From the start, Cameron knew T2 had to be more ambitious than the original. In early 1990 Carolco chairman Mario F. Kassar, having purchased the remake rights to The Terminator for $10 million, offered Cameron the chance to top himself. A deal was struck even before a screenplay was written. ”Everything seemed to line up with a weird synchronicity,” recalls Cameron. ”Mario never asked me the story. All he said was, ‘As long as Arnold’s satisfied with it, and you’re satisfied with it, I’m happy.”’
By the time Cameron and his coscreenwriter, William Wisher, sat down at their computers, above-the-line costs — the talent fees that included Schwarzenegger’s $12 to $15 million and Cameron’s $5 to $6 million — were already approaching $30 million. ”It made me think differently about the script I was writing,” Cameron acknowledges. ”I felt it was necessary to take it to a little bit more mythic level. It would have been a very top-heavy film if we’d spent three times more above the line than we spent below the line (the cost of actually shooting the film). People would have felt ripped off.”
After toying briefly with the idea of playing a ”good Arnold” off against a ”bad Arnold,” the writers instead assigned the reprogrammed Schwarzenegger the job of protecting Sarah Connor’s 10-year-old son, John, from an even more fearsome cyborg, the T-1000 (played by Edward Furlong and Robert Patrick, respectively). Though armchair critics would later theorize that the title character was softened in deference to Schwarzenegger’s worldwide popularity, Wisher insists, ”That’s not how it happened at all. We were worried that people were going to be pissed off if the Terminator didn’t kill.”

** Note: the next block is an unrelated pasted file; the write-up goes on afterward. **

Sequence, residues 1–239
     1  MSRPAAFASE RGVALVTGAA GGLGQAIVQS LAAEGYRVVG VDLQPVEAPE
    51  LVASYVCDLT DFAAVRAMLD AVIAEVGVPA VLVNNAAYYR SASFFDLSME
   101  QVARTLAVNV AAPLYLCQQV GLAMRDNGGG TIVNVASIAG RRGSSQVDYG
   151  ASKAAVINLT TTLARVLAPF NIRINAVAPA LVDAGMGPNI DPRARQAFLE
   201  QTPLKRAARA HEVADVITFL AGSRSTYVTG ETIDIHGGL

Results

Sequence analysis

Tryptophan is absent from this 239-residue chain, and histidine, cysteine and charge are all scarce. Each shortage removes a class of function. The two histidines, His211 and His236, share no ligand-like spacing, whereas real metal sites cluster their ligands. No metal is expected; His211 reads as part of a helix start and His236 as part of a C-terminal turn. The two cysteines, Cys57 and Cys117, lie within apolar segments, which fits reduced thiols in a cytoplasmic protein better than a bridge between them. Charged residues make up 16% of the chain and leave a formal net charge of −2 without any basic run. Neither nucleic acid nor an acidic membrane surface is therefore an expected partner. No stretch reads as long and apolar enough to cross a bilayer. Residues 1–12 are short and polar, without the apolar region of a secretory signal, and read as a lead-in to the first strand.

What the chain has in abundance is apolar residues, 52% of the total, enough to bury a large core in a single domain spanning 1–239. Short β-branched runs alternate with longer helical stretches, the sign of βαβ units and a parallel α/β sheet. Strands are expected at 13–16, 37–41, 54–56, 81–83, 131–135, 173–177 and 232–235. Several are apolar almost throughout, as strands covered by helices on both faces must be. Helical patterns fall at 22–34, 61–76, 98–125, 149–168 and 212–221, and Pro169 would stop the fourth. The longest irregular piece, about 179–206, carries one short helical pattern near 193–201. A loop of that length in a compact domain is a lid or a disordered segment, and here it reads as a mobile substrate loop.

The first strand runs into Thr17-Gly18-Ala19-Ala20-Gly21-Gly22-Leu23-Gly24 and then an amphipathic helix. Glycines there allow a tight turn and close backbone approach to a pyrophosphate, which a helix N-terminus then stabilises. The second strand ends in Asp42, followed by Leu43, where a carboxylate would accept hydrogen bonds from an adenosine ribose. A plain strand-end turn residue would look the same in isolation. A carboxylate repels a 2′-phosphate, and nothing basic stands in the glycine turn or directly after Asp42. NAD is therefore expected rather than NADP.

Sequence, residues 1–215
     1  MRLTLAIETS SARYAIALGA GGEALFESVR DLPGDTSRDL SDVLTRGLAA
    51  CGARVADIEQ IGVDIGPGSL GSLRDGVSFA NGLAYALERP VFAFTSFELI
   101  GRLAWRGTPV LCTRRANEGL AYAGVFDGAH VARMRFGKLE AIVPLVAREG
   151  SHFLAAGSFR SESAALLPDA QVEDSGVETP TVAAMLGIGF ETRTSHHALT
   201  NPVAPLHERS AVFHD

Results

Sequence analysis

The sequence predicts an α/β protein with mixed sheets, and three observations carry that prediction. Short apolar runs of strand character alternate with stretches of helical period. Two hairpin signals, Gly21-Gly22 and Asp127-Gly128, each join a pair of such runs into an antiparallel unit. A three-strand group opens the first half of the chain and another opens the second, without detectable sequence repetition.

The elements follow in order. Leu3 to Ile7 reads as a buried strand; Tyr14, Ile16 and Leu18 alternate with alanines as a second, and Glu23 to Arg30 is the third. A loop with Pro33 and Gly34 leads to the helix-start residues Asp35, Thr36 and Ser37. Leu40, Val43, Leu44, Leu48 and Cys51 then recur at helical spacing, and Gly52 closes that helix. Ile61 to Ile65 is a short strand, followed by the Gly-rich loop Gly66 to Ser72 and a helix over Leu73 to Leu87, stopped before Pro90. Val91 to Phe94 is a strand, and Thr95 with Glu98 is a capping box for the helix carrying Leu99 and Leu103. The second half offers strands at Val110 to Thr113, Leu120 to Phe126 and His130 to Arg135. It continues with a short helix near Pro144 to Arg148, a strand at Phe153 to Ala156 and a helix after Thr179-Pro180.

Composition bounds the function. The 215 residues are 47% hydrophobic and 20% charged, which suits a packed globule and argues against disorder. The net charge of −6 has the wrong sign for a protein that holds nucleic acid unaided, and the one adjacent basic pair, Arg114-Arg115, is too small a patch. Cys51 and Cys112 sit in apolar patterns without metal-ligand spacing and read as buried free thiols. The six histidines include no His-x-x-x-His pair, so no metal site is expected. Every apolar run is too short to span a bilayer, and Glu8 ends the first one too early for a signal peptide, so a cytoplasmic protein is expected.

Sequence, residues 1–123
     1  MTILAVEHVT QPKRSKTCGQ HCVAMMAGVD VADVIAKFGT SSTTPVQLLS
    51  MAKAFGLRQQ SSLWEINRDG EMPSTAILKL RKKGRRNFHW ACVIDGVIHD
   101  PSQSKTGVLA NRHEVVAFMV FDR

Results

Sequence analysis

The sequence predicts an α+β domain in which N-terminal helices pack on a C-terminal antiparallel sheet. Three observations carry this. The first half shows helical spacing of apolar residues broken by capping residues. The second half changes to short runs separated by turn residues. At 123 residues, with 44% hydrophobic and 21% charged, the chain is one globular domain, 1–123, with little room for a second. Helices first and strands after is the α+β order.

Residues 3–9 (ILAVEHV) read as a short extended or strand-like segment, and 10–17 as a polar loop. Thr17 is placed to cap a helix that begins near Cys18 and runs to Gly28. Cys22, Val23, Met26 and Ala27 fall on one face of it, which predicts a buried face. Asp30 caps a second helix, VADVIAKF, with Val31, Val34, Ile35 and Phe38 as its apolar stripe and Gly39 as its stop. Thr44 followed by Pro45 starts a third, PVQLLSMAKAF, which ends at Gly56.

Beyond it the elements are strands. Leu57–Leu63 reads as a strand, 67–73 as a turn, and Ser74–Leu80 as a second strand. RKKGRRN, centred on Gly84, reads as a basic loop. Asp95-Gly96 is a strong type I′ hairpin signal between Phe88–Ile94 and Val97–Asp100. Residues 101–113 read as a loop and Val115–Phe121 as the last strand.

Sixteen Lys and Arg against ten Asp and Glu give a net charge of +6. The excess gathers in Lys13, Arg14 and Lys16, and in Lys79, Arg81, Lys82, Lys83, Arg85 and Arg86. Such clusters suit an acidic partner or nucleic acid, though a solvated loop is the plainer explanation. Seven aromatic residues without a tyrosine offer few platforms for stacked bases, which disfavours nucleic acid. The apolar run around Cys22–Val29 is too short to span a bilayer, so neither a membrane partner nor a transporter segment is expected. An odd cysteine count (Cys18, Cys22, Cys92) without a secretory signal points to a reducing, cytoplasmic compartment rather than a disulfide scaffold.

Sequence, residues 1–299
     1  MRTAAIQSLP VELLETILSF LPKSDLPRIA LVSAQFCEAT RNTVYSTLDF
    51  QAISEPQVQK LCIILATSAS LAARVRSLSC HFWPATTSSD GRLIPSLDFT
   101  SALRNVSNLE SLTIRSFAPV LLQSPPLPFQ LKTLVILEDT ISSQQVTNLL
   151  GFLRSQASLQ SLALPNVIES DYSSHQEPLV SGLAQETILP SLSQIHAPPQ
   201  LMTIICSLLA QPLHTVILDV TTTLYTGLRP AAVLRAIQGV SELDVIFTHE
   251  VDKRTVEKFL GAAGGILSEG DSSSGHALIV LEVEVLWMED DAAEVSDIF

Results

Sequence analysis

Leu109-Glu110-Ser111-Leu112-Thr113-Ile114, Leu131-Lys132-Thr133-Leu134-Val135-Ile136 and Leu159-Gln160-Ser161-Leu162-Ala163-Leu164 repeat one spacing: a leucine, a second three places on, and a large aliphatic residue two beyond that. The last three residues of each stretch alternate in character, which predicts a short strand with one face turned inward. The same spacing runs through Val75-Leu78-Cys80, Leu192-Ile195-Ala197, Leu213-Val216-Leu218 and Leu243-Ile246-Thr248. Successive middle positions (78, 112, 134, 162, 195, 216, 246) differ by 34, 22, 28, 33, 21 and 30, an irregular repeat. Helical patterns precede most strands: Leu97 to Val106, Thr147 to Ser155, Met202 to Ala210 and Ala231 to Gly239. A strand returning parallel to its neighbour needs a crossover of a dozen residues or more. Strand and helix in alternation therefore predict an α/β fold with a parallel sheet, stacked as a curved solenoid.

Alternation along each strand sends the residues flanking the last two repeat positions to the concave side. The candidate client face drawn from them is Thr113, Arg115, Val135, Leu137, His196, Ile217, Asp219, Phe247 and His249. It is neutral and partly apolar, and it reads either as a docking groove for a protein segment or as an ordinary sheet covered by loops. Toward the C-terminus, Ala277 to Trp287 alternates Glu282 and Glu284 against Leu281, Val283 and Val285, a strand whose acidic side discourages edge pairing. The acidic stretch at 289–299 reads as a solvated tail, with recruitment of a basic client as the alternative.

”My sensibility is somewhere between Steven Spielberg and Paul Verhoeven (Total Recall),” says Cameron. Indeed, T2‘s combination of an antiwar message with state-of-the-art movie mayhem strikes some critics as disingenuous. ”I did want to do a tough picture,” Cameron says. ”I just wanted to be clear about the moral pathway through the film. I didn’t mind that the T-1000 is pretty brutal. He’s the bad guy. But as a filmmaker I tend to shun violence much more than I did when I was just a filmgoer.”
Similarly, though big-budget action films starring Arnold Schwarzenegger aren’t usually seen as vehicles for progressive ideas, Cameron felt T2 gave him ”a mandate” to work in his concerns about nuclear war. ”With Arnold Schwarzenegger, the biggest film star on the planet at the peak of his career, I knew people would want to see this movie. I knew that within it I could organically work in these ideas in a way that wouldn’t offend people but would give them something to think about without trashing it as an entertainment experience.”